Sunday, June 17, 2018

How to Apply the Warm-and-Cool Approach

Gary asks about the warm-and-cool approach: 

"I can not see if there is, or should be, a rationale for when a warm or cool tone is used. I believe that this approach brings life to a drawing but do not understand how to best apply it."


Jim asks: "I would also love a good explanation of the warm/cool approach. Obviously the value must be correct, but how does one decide to use a warm or cool color? Is it based on local color of the object? Is it based on light vs. shadow? Is it based on a combination of both? If so, which trumps the other when they conflict? That is, what color should be used to depict a cool shadow on a red ball? What elements are portrayed as gray (an even mix of warm and cool) within a picture? It's worth figuring out, because it's amazing how much "color" can be achieved with just Burnt Sienna (warm) and Ultramarine Blue (cool)."

Richard Parkes Bonington
Gary and Jim, The way I think of warm and cool is that I'm basically doing a value study, but just taking the first step toward color. The warm pigment might describe an area lit by a warm light source, or you might use the warm color to suggest a local color that is intrinsically warm, such as an orange building. If the warm-cool exercise is a preliminary study for a painting that you intend to paint later with full color, the study will give you an impression of what the final will feel like. The limitations of chroma and hue choices keeps you from straying too far away from making primarily value-oriented decisions. 

It's very similar to the way musical composers will figure things out on the piano and then build their orchestration. A composer might work out the melody, rhythm, and chord structure before deciding on the instrumentation.

A simple warm and cool palette such as ultramarine vs. raw sienna is also a worthy approach for finished works. Many painters of the past sought the muted harmonies of warm and cool to achieve a feeling of quietude, dignity, or austerity.
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Friday, June 15, 2018

Keepers of the Flame

NC Wyeth, illustration from Treasure Island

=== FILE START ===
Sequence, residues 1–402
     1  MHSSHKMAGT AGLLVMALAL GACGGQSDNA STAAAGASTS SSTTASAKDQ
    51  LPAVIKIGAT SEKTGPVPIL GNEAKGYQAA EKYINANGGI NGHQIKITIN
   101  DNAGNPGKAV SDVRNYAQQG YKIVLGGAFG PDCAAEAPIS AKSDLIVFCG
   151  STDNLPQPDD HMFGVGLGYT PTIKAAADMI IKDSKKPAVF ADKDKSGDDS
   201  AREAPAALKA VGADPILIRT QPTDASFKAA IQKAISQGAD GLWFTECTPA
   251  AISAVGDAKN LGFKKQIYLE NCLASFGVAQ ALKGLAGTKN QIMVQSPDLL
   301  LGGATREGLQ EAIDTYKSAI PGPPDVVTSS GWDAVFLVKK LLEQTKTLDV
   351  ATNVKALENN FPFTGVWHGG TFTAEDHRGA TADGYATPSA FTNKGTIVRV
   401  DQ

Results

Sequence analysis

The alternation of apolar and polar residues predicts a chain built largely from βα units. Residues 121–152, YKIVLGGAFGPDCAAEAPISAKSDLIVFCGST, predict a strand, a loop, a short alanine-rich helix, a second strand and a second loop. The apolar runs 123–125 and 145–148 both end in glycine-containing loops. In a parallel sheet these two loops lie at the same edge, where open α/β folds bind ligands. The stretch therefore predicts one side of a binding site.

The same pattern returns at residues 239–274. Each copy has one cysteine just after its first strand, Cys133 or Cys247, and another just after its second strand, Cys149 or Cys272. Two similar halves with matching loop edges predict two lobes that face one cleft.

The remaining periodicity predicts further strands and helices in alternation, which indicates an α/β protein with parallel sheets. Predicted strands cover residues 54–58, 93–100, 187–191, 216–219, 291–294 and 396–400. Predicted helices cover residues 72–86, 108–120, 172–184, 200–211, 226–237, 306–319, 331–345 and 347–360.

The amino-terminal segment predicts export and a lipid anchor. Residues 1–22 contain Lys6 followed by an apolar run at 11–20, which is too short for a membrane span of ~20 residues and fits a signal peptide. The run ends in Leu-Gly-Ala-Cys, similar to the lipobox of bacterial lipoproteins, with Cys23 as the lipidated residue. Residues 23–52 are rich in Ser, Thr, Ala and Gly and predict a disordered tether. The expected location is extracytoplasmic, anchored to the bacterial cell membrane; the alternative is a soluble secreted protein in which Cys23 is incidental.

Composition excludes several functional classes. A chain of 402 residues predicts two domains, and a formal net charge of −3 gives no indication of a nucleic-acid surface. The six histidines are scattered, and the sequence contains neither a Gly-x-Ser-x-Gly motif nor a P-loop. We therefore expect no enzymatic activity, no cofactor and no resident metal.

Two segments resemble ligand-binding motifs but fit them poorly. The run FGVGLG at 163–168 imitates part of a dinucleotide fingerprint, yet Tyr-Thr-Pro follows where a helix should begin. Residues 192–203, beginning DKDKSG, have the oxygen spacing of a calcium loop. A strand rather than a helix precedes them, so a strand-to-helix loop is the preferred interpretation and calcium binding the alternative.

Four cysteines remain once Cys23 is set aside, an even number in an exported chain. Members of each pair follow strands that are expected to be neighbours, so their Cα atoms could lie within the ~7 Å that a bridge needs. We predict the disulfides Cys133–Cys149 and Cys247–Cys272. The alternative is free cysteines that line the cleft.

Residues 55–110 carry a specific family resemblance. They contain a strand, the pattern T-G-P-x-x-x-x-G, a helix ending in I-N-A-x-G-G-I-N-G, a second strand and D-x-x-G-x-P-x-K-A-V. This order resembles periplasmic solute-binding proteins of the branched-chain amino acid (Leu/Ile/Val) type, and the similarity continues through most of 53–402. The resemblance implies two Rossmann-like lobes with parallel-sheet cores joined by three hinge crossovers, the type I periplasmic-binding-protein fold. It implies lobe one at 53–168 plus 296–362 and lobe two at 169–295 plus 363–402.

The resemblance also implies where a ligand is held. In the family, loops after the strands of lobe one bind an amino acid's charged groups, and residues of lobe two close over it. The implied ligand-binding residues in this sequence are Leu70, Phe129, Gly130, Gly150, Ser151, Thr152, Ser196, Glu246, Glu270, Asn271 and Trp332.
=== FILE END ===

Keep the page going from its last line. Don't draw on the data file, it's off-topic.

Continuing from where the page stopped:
The new exhibition at the Norman Rockwell Museum explores the lineage of academic painting and how its branches connected to the Golden Age of American Illustration.


The show, called "Keepers of the Flame: Parrish, Wyeth, Rockwell and the Narrative Tradition," traces teacher/student lineages going all the way back to the Renaissance.


Dennis Nolan is the curator of the show and the author of the 216-page catalog. A teacher himself for half a century, he is interested in how the skills and knowledge needed to make storytelling pictures were passed from one generation to the next. 

Maxfield Parrish
The Art Students League and the Philadelphia Academy were important schools for training American illustrators. Many teachers there had spent time in Europe under the tutelage of French academic masters. 


For example, Maxfield Parrish studied under Thomas Anschutz, who was a pupil of Thomas Eakins, who enrolled with Jean-Leon Gérôme, who was taught by Paul Delaroche, who learned from Antoine-Jean Gros, who studied under Jacques-Louis David, who was in the studio of Joseph-Marie Vien. 

Gerome, Bouguereau, Laurens
It takes a lot of concentration to keep track of all the didactic genealogies, which call to mind the begetting streaks in Genesis and Matthew.

Mowbray and Benjamin-Constant
The teacher-student lineage story leaves aside important forces that shape and define an artist. Nolan ignores other formative influences, such as the inspiration that Rockwell took directly from artists he never met, from his contemporaries, and from Modern movements. 


When Rockwell listed the artists he studied in his student days and who he admired later, he didn't mention his teachers (George Bridgman and Thomas Fogarty):
"Ever since I can remember, Rembrandt has been my favorite artist. Vermeer, Breughel, Velásquez, Canaletto; Dürer, Holbein, Ingres as draftsmen; Matisse, Klee―these are a few of the others I admire now. During my student days I studied closely the works of Edwin Austin Abbey, J.C. and Frank Leyendecker, Howard Pyle, Sargent, Whistler.” (from My Adventures as an Illustrator by Norman Rockwell)